name of the ENTIRE Town of Shandaken?
I believe the Town needs to be reimbursed. The Supervisor
and the three board members who were so willing to authorize
illegal contracts can each ante up $750 to pay Ferrandino,
and maybe next time they won’t be so quick to squander
P.S. Before any editor makes the sexist comment that I am
the wife of a consultant to Crossroads, that editor should
understand I can and do speak for myself.
Big Indian, NY
It has started early. The new Town Board has been in office
barely a month and the over-blown attacks are already flying.
The level of hostility at the February Town Board meeting
was reminiscent of another time in our not-too-distant past.
Some of the faces are the same as before, some are new. At
issue was the Town Board hiring a consultant to write 'scoping'
comments for the town to submit to DEC by the January 14 deadline,
relating to the environmental review of the Belleayre Resort
and the expansion of the Ski Center. (The resort and Ski Center
expansion must be reviewed together.) One part of the issue
was that the new Town Board had been in office for only days
before the deadline for submission of comments. The new Supervisor,
and seemingly none of the board members, realized that they
could call a last-minute meeting to pass a resolution to move
on hiring the consultant and authorizing payment. Instead,
Supervisor DiSclafani contacted each board member individually
and asked if they wanted to go forward with this. Four said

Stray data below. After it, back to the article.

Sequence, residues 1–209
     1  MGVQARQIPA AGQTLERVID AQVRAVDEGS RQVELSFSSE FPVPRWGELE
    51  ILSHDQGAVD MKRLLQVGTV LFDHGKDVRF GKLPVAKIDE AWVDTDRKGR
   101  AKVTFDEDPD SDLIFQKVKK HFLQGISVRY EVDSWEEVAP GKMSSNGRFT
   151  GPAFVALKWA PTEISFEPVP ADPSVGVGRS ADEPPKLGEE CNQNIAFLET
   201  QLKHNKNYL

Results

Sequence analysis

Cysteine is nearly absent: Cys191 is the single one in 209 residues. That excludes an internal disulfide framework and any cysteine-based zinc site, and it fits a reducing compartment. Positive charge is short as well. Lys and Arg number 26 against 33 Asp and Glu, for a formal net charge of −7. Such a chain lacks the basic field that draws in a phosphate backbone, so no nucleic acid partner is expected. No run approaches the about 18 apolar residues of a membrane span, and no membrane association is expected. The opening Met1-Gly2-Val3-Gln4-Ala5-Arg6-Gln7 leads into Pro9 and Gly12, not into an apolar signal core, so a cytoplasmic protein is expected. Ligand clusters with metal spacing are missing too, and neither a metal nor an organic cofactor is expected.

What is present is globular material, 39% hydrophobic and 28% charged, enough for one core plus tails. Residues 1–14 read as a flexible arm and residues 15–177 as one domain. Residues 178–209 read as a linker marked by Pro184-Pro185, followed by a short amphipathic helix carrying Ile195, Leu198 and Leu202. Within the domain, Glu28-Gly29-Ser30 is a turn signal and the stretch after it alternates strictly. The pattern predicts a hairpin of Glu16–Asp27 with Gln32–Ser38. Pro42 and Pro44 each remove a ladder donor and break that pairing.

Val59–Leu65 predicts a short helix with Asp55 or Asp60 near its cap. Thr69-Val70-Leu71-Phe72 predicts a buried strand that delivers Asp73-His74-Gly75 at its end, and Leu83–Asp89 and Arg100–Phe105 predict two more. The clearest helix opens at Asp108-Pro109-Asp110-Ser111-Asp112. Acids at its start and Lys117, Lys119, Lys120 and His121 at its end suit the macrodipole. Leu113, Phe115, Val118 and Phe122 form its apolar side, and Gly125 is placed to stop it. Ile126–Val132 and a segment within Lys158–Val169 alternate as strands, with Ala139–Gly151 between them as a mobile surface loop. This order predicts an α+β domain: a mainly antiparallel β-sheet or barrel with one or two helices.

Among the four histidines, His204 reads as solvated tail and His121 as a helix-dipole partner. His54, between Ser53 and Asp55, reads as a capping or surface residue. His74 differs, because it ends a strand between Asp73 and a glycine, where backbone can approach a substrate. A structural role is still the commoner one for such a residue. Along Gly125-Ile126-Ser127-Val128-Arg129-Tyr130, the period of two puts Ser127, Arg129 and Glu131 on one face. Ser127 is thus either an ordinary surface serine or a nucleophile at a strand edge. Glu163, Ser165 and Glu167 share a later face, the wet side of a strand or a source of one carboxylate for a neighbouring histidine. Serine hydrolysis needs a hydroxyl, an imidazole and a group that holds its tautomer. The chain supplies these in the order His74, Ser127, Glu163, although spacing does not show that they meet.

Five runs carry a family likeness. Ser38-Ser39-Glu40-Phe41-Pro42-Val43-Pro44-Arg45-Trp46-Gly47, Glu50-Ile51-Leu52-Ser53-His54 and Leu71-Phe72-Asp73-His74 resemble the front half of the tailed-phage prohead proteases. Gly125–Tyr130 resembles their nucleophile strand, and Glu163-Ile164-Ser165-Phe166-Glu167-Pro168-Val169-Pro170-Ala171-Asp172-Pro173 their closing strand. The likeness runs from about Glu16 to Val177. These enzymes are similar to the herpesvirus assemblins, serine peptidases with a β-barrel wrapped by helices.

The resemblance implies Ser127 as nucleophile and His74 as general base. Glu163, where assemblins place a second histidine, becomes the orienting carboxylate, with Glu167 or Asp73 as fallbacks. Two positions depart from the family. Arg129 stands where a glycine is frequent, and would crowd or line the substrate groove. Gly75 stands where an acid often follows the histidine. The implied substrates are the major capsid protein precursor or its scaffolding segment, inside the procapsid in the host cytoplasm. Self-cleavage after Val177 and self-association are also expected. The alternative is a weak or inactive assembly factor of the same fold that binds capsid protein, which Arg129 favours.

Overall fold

yes, one said no. Four agreed to the cost, one did not. All
saw the submission before it was sent. The Board passed a
resolution at the February meeting formalizing this by a margin
Supervisor DiSclafani publicly took responsibility for not
realizing in time that he could have called a meeting on such
short notice. Now he knows. He said he would have paid for
it himself if the resolution authorizing payment had not passed.
What was amazing was that some present treated the Supervisor
and some of the Board members as if they had committed the
crime of the century. I would call it a blatant attempt to
intimidate the Board and drum up animosity toward them. Crossroads
consultant Gary Gailes threw the word 'lawsuit' around and
Jack Jordan kept saying that this may have been an 'illegal'
act. It was not just the words they used, but the tones of
voice and accusatory gestures. Supervisor DiSclafani apologized,
took responsibility, would have been willing to pay if need
be, but that wasn't enough.
So what's the real issue here? The real issue is/was that
the pro-Crossroads contingent seems unhappy that the Town
submitted scoping comments at all. Apparently they want the
Town to sit on sit on its hands, not participate in the review,
and ignore the fact that 85% of this major development is
in Shandaken. It also happens to be the largest project ever
proposed for the entire region. What's more, the attackers
blamed the Town because the scoping submission included comments
on the Belleayre Ski Center expansion, which by law has to
be reviewed with the resort since both impact the same area.
They acted as if it was the Town Board's scoping submission
that caused the resort and Ski Center to have to be reviewed
together which is ridiculous. It is the law that when projects
are on the table at the same time for the same area, they
must be reviewed together since they impact the same area
and resource pool. In addition, combining the review of the
Ski Center expansion and the resort is a stipulation stated
in the infamous Agreement in Principle, signed by the Governor,
the developers, and several other groups and individuals.
It was also stated in the Draft Scope released on November
21, 2007, which kicked off the scoping phase of the review.
(See DEC website for this)
One more thing. As a result of the Agreement in Principle,
what is now on the table has changed very significantly from
the original resort plan. Now, on the West side, in addition
to the Wildacres Resort complex, there is a new resort complex
called the Highmount Spa, in a new location. Both resorts